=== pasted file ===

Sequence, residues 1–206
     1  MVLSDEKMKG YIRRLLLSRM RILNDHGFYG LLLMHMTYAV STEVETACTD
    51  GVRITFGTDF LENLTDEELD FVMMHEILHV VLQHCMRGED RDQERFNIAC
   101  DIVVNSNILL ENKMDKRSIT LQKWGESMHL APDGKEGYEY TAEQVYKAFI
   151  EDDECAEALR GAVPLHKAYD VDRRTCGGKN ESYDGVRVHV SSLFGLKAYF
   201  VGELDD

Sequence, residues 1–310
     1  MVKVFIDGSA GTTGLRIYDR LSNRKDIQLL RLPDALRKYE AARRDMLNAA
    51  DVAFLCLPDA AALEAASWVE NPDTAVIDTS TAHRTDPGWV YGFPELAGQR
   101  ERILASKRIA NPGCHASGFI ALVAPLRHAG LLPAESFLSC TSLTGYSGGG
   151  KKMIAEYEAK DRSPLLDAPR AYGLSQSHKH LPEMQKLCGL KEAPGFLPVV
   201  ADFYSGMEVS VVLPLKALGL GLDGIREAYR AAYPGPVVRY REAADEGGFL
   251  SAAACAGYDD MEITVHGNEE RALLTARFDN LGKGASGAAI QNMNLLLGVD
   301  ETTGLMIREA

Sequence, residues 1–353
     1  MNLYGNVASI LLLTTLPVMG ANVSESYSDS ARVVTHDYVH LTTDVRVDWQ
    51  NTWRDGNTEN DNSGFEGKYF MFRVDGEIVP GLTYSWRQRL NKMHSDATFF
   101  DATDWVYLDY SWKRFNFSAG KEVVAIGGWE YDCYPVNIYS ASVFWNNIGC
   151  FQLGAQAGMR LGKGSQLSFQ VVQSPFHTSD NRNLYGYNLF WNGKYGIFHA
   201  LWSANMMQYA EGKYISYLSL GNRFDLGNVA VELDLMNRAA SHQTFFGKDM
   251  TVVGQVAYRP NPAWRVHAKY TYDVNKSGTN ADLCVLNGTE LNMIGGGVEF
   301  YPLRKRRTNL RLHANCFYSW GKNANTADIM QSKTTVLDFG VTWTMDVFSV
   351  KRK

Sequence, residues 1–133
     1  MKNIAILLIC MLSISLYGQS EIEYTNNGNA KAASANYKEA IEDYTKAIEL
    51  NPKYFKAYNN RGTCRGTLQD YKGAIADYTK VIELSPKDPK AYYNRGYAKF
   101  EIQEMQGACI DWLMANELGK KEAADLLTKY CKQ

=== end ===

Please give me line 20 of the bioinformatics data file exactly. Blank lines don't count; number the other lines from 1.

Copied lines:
   201  LWSANMMQYA EGKYISYLSL GNRFDLGNVA VELDLMNRAA SHQTFFGKDM